SR Virtual, a Los Angeles-based provider of voice recognition-basedtechnologies for mobile handsets and the Internet, announced today theprototype for SendChat, a downloadable text messaging and Voice overInternet Protocol (VoIP) call application that uses proprietaryspeech-to-text and text-to-speech technology.
SendChat enables users to place free calls from their handhelds and dictate SMS messages. The application also features 411 voice activated services and translates voicemail to email or text. A free version is slated to go into Beta by September. The application uses SR Virtual’s Smart Technology, which tailors its recognition parameters to the users particular syntax and vernacular. This strengthens the speech recognition accuracy rates which, according to SR Virtual owner and partner Ray Galan, is at 97.8 percent with first use.
Users create an account, which serves as a reference and logs usage history for better translations within the system.
"With our voice recognition system, which will work to better translations with each individual user by recording and storing their voice patterns, a user will reach, we hope, 100 percent translation accuracy rate, which is the goal and idea behind our software," Galan writes in an email. "The more they use it, the better tool it becomes."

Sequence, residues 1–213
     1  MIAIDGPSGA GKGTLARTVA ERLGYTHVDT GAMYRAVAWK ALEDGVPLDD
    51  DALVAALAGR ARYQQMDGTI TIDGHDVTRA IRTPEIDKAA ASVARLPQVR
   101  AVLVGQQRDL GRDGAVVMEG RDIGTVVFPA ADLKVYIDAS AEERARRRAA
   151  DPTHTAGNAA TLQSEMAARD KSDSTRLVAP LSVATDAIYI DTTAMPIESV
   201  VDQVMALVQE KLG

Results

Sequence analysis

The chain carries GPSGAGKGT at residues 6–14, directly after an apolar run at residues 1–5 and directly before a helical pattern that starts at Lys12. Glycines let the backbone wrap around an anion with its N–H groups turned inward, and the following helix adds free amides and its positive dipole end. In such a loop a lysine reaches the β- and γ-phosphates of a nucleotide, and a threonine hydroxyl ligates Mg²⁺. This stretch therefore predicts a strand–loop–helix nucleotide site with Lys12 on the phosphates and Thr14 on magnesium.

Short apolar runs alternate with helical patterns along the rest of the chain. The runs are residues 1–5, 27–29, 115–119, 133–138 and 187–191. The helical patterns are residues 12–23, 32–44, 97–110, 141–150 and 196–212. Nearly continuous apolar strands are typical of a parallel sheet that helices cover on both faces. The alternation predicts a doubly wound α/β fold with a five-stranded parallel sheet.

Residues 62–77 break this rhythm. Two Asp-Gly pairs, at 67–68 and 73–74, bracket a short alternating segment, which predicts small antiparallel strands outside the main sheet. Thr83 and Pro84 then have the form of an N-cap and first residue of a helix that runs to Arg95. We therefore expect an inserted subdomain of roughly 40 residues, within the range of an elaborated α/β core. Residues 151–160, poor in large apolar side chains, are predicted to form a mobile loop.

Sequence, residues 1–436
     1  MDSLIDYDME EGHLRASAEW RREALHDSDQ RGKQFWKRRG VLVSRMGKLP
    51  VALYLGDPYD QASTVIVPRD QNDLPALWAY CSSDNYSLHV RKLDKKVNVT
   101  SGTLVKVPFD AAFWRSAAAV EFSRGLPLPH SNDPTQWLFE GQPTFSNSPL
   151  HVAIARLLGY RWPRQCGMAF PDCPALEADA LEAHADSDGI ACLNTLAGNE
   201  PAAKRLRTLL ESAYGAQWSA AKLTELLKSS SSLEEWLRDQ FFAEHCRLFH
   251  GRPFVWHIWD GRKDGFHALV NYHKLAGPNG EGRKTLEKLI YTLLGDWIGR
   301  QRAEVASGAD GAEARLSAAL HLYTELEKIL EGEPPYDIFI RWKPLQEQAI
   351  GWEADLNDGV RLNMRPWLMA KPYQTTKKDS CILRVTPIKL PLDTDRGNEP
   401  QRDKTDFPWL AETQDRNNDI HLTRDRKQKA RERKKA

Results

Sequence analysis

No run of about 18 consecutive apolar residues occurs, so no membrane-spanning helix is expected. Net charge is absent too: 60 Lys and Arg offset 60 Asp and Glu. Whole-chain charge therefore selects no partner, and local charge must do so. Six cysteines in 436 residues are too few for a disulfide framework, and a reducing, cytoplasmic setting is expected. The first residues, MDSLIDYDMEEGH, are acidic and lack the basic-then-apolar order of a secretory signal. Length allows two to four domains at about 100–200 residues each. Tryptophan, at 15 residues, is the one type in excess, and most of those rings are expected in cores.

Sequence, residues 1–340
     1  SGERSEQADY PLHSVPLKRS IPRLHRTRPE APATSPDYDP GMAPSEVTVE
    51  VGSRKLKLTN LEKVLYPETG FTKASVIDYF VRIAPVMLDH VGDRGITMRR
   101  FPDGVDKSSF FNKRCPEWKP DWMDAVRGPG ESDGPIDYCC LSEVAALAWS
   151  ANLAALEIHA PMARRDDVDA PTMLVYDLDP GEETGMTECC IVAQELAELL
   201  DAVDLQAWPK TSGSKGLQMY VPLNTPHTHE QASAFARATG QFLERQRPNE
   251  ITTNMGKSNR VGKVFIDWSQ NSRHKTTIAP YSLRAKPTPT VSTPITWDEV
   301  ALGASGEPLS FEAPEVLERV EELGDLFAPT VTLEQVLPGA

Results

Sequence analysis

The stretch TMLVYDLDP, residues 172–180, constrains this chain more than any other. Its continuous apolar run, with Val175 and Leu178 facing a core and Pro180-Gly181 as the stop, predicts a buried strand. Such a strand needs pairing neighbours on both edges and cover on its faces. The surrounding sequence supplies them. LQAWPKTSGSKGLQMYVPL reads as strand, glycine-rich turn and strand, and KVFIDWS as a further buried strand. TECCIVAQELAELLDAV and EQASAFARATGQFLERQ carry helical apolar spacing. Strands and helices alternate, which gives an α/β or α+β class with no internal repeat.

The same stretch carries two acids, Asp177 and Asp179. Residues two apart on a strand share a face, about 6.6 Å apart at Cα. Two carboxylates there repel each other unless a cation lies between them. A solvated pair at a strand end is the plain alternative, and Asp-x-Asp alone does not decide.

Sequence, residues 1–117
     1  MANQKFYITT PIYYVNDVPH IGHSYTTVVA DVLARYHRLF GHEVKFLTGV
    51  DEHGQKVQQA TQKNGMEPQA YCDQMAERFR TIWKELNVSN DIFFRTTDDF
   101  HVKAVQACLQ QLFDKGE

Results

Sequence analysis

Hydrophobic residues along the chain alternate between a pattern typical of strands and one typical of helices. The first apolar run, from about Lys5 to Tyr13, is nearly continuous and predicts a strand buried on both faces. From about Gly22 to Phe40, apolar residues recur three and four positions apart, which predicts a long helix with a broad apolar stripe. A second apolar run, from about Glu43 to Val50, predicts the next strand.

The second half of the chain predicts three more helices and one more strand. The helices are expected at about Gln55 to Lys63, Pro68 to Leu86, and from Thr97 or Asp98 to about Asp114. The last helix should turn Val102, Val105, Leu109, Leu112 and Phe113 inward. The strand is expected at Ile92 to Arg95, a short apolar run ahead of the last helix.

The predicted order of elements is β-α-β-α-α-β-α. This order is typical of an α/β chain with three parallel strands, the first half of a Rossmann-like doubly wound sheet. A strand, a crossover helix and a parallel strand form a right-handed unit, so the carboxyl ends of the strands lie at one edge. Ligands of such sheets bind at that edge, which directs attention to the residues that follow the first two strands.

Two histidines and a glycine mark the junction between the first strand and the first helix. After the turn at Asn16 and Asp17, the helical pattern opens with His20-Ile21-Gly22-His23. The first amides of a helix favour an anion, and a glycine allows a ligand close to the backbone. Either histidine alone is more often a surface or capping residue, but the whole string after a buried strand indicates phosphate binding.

In recent months, many companies have announced developments for unified messaging and visual voicemail projects. SpinVox recently acquired $200 million in investor funding and Nuance announced the release of its Voicemail to Text service at the CTIA Wireless Show in Las Vegas. However, Galan believes that the market is wide open and emphasizes that SR Virtual’s software is different.
For instance, while companies like SpinVox and Simulscribe specialize in voice mail translations, SendChat also offers VoIP calls and plans to offer 411 and GPS services. Galan emphasizes that there will always be a free version of SendChat available—which other enterprises don’t offer.
He adds that Nuance’s solution incorporates software that needs to be installed on phones and carriers that can interface with Dragon NaturallySpeaking, whereas SendChat runs via the internet. "That means any phone, from any network, can run it. And allowing a user to send voice to text messages and VoIP calls not only will attract the mobile market, but the smartphone and pocketPC market as well," Galan says. "As long as a device has a WAP or Wi-Fi connection, Sendchat is available and ready. And, with an account, if you switch phones, Sendchat goes with you."